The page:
A game of American football, despite usually lasting for over three hours, only contains about 15 to 20 minutes of action. There's a lot of waiting, milling around, chatting, huddling, lining up, yelling, looking, more yelling, and then an inevitable time-out whistle so there can be a long discussion with the coach, more milling, lining up, and yelling. When the ball is finally snapped, the actual play lasts for, what, 10 seconds?
And then while everyone involved mills around again it's time for us to watch those 10 seconds of action in slow motion instant replays from 14 different angles that can last several minutes. Hence the three hour game time.
This early access physics-based football simulator—smartly named Football Simulator (opens in new tab)—100% nails that aspect of the game but makes it way more fun than the real thing because the physics are utterly amazing. Not amazing because they're so realistic, but amazing because they're not at all realistic and thus hilarious. Like Madden, Football Simulator is an on-field football game where you control the QB and call plays, but the physics are so goofy and fun I spend most of my time like I do with real professional football: watching the replays in slow motion. Only in Football Simulator, I enjoy every moment of it.
It honestly makes it hard to finish playing a single game because even during a routine play something bizarre and wonderful almost always happens that requires me to watch the replay a couple dozen times:
That's just an incomplete pass that wouldn't even require a replay—except the referee runs over, steps on the ball, is spun around backwards, then trips over the foot of a fallen player, appears to legitimately die, briefly performs some kind of swim animation, and then sprawls out on top of another player who gets up and shoves the fallen corpse of the ref onto his face. How do you not watch that over and over from six different angles? (Note: the ref did not die.)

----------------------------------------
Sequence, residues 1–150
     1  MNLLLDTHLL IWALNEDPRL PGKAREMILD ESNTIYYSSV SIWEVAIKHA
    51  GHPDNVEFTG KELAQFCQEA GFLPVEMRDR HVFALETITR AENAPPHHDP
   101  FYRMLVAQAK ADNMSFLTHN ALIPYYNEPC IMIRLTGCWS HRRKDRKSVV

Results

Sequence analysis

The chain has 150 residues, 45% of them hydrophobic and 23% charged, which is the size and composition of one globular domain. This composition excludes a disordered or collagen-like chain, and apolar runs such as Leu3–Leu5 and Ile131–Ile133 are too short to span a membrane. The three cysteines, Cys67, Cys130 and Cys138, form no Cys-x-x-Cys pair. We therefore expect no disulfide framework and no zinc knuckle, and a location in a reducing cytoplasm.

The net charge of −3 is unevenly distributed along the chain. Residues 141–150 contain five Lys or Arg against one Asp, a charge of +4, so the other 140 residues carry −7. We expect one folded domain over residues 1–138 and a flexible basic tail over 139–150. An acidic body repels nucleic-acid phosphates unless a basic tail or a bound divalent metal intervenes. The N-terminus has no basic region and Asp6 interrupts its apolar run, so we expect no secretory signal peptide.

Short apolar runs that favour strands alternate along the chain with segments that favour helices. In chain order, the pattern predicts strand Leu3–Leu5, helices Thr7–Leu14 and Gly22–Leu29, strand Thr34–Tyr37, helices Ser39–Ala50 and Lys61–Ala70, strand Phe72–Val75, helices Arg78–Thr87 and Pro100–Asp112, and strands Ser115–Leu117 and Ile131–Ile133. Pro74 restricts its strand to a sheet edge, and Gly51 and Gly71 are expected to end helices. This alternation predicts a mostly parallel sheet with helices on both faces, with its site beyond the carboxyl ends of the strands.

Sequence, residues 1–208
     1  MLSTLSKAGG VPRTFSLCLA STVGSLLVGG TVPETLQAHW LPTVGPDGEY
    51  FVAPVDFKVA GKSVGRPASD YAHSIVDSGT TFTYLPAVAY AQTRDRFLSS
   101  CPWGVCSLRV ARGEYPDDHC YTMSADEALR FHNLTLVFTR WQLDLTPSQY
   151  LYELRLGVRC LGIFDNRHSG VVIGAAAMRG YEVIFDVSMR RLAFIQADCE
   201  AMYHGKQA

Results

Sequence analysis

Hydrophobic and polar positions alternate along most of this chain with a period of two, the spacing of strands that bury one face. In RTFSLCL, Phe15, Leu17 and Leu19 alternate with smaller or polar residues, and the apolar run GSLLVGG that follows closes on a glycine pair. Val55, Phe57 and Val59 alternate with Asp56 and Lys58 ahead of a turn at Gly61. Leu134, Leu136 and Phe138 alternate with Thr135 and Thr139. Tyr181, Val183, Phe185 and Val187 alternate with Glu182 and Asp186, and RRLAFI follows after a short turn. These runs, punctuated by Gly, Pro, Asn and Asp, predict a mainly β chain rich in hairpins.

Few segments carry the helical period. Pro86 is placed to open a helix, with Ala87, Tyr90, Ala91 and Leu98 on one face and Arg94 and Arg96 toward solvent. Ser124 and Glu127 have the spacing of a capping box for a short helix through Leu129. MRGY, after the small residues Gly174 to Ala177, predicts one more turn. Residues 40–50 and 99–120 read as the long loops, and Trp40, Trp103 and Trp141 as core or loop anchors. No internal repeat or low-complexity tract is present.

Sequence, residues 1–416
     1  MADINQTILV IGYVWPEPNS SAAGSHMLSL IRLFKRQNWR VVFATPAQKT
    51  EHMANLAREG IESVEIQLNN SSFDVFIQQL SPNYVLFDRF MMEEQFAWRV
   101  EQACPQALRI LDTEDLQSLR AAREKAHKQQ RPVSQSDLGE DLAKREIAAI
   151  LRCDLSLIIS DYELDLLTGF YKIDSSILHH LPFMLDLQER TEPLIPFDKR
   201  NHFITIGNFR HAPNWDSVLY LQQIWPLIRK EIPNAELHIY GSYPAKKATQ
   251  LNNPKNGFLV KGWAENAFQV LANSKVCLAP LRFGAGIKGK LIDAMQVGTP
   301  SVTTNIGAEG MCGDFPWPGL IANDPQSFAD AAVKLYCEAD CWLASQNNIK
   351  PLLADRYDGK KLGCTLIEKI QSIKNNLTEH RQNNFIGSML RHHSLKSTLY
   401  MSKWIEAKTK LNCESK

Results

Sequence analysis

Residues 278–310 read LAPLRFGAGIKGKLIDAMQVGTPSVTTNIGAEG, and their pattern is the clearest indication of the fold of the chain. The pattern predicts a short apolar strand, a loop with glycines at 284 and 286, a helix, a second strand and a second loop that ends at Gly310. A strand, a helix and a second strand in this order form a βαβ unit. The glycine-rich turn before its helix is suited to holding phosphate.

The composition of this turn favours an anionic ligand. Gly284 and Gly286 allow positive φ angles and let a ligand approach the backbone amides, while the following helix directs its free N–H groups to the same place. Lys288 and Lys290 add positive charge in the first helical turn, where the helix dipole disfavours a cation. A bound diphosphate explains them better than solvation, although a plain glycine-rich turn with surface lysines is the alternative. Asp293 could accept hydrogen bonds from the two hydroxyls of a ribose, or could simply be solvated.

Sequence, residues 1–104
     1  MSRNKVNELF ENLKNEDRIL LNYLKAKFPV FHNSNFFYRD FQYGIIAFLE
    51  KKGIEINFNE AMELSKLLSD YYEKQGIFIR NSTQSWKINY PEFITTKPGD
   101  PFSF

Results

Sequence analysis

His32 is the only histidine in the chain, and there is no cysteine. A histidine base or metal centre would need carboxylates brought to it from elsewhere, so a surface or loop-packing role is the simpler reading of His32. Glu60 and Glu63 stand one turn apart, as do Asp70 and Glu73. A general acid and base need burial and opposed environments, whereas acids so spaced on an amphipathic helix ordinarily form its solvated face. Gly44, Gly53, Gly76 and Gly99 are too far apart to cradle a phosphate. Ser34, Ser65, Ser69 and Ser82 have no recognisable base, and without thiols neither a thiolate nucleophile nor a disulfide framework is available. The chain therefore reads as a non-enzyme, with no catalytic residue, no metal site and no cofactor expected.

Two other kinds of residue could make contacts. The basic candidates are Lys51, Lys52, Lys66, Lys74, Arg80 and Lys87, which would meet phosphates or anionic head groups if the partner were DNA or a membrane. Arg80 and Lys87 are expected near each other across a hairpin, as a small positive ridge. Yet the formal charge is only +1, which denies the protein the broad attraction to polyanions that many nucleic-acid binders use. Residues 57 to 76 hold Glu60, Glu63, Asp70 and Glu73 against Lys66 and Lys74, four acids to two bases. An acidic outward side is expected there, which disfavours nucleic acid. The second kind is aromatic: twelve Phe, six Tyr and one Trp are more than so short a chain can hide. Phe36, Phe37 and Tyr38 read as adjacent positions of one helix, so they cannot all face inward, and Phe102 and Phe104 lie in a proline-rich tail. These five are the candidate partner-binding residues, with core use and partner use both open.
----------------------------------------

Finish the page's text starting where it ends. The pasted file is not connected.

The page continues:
One of the best things that can happen is when the game's invisible math decides that the play you've run is successful but the game's Three Stooges physics engine definitely doesn't agree with that assessment but does its best to make it work anyway. Below you can see the very first successful completion I made in my first game, and it's a beauty. Here's the replay in slow motion:
Yup, that is definitely a valid and successful passing play in the sport of real football. My quarterback wobbles around with his arm cocked while four guys piledrive him into the center of the earth. Just before he is crushed to death beneath a thousand pounds of sweaty footballer beef he gets the throw off from one inch above the turf using (apparently) just the power of his fingers. The ball spirals to the receiver who ran maybe a one-yard slant and now stands motionless with his arms held straight out waiting for the pass, which is the correct way to catch footballs. The pass reaches him at his shins, levitates, then hovers at dick-level for a few moments before being magnetized into his hand. At this point the receiver runs the rest of the play, which is called "panic and then get immediately pancaked."
The physics aren't just constrained to the field. We see it in real football all the time when a player runs or is knocked out of bounds and into the crowd of seemingly thousands of football team employees that are somehow all needed to stand around on the sidelines so football can happen. These non-players get jostled, bumped, and occasionally knocked over. Same happens in Football Simulator. Play your cards right and you can take down a bowling pin formation of those coaches who presumably have some sort of football-related jobs but seem to do nothing but watch the game from one inch away.
And the wobbly, noodly physics of Football Simulator don't just entangle the players, refs, and impassive gangs of demi-coaches lurking on the sidelines. In season mode you can play as the King Coach of the football team to experience the management side of the sport, and explore the facilities in the offseason like the practice field, gymnasium, auditorium, and offices.
While you do this, full football physics are enabled. Here's me, a professional football coach, reporting to work on my day to do some professional football coaching, like a professional.
It's gonna be a great season, I can tell. That is, if I ever get around to actually drafting a team and managing them, because I'm too busy diving onto couches, bowling over cheerleaders and players, throwing brooms, and being utterly defeated by staircases.
Football Simulator is pure wonky physics joy and a welcome relief from the Madden series juggernaut. It's currently in early access on Steam (opens in new tab), where future features include online multiplayer, the option to "wander the stadium between plays" and even get into physics-based brawls with unruly fans. It's even planning a VR mode! That might just get me to strap on a headset so I can strap on a helmet that will get knocked off when I collide with a ragdolling ref as he keels over in the middle of a play.